Amazon Fashion president Cathy Beaudoin left the company last week after eight years there, Business of Fashion reports, and a successor will soon be named.
“Cathy Beaudoin has decided to step down from her position as President of Amazon Fashion,” A spokesperson for Amazon Fashion told Business of Fashion. “Given the momentum of the business and strength of the team, she’s decided now is the right time to pass the baton. We thank Cathy for her tremendous contributions to Amazon Fashion and wish her all the best.” A request to Amazon from Retail Dive for comment was not immediately returned.
Beaudoin, who left Gap’s Piperlime, the online apparel brand she developed (and that Gap shuttered in 2015) to join Amazon in 2008, was named president of Amazon Fashion in 2012, according to the report.
Amazon has pushed assertively into apparel in recent years, from basics like socks and men’s shirts to dresses and athleisure. Its $16.3 billion apparel sales in 2015 exceeded those of the next five competitors — Macy’s, Nordstrom, Gap, Kohl’s and Victoria’s Secret parent L Brands — combined.
The retailer has also made a bet that younger shoppers will buy clothes with less regard for their labels: Last year Amazon quietly launched seven new private label brands, with offerings that include men’s, women’s and children’s clothing, men’s dress shoes, and men’s and women’s accessories.
The e-commerce giant also appears to be wary of how nimble fast-fashion supply chains have allowed those retailers to lure shoppers from specialty apparel retailers and department stores. Amazon was awarded a patent for “a system of on demand apparel manufacturing [that] includes a textile printer, textile cutter, and a computing device” that could be used to make apparel or textile home goods. The patent describes a system that could batch orders according to a variety of categories, like type or delivery address, to improve efficiency of manufacture and order fulfillment.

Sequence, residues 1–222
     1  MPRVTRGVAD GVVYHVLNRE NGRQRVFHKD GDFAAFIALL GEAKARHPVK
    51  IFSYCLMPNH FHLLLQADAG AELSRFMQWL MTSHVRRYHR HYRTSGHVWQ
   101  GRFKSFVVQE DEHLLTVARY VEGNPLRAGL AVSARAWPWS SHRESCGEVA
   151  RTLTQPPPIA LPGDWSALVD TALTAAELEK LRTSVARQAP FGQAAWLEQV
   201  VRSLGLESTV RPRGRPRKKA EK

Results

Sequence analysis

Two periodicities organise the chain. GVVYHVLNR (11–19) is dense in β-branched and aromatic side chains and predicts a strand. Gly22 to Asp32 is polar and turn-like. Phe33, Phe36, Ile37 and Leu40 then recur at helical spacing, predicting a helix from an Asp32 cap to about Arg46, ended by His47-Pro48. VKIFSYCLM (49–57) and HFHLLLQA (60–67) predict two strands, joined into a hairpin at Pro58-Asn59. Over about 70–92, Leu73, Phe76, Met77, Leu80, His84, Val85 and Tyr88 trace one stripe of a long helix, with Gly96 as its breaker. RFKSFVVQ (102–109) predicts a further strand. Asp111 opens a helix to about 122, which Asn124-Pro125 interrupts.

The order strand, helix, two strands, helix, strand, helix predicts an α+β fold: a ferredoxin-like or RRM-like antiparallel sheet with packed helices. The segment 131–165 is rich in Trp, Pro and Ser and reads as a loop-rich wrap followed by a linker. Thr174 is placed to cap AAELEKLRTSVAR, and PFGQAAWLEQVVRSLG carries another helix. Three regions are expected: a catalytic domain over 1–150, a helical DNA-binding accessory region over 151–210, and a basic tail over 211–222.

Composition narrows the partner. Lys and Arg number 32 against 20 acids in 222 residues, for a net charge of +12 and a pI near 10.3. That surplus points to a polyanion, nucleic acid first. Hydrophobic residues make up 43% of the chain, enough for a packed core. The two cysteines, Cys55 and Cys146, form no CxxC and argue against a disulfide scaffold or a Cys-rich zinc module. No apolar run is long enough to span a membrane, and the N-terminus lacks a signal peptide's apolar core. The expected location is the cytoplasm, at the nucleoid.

That fits with Amazon’s data-based approach to retail in general and addresses one of the most vexing aspects of apparel retail — a high level of returns, especially in e-commerce, where customers don’t have the benefit of trying on goods before they buy. In fact, former Macy’s CEO Terry Lundgren last year expressed some skepticism about reports that Amazon would do all that well in apparel sales, saying the company is "going to have an interesting challenge when they start getting all those returns coming back online.”
Amazon is proving to be a force in the category: 46% of consumers surveyed by Morgan Stanley earlier this week said they'd purchased clothes on Amazon over the last 12 months, behind only Wal-Mart Stores at 60%, according to a report in Barron's. And 47% of "likely" Amazon shoppers say they expect to buy more clothes on Amazon and fewer clothes at other retailers over the next 12 months, according to that report.
Still, Amazon is hard pressed to address the fickleness of the apparel consumer, who may yet change their mind even when a shirt is made to order. And many consumers, including the very young members of Generation Z, still prefer to try on clothes in stores, appreciating the immediate touch, fit and feel opportunities and the satisfaction of walking out with a new clothing purchase. That means that apparel retail may eventually be part of Amazon's nascent but expanding brick-and-mortar strategy. It's unclear whether Beaudoin's departure has anything to do with any shift in strategy there, however.
In a survey of more than 2,500 U.S. consumers, global management consulting firm A.T. Kearney found that among those who prefer to buy online, fully two-thirds say they still rely on a physical store either before or after their purchase, Andres Mendoza Pena, a partner in A.T. Kearney’s retail practice, told Retail Dive earlier this year. “That means that when you’re buying a dress online, it’s likely that you’re going to be looking at that dress — the feeling, the color — and to do that, you leverage a physical environment prior to the purchase."